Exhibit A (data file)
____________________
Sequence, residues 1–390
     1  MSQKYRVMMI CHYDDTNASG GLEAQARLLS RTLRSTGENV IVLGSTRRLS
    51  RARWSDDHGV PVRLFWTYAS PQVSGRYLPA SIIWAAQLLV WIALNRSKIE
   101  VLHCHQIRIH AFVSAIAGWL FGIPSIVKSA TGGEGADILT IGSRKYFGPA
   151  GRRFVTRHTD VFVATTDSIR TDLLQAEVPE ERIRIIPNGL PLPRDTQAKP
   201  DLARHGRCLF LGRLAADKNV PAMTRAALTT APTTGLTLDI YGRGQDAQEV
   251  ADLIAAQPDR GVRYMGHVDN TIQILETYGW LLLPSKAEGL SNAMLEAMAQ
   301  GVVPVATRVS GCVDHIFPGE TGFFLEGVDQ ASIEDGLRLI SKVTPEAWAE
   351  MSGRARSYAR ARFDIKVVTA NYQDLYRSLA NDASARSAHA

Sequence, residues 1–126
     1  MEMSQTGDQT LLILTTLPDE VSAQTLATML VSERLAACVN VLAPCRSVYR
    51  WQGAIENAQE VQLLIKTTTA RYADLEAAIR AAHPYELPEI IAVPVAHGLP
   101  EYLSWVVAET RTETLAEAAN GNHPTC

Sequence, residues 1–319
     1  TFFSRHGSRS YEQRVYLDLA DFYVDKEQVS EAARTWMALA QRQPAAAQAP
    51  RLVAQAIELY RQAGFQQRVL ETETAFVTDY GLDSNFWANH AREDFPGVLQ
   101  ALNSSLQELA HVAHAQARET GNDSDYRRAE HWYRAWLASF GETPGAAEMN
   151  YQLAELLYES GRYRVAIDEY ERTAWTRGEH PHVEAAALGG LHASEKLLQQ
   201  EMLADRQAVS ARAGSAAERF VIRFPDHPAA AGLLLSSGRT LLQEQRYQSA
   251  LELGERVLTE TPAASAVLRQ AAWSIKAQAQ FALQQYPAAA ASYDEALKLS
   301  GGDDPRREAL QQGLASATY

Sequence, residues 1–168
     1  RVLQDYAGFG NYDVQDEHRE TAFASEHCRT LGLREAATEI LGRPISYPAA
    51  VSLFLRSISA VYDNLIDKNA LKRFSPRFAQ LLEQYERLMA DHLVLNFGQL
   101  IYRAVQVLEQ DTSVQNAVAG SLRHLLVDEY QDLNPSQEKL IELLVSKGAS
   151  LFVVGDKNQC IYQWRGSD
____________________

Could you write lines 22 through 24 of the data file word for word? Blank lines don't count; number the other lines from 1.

Sequence, residues 1–168
     1  RVLQDYAGFG NYDVQDEHRE TAFASEHCRT LGLREAATEI LGRPISYPAA
    51  VSLFLRSISA VYDNLIDKNA LKRFSPRFAQ LLEQYERLMA DHLVLNFGQL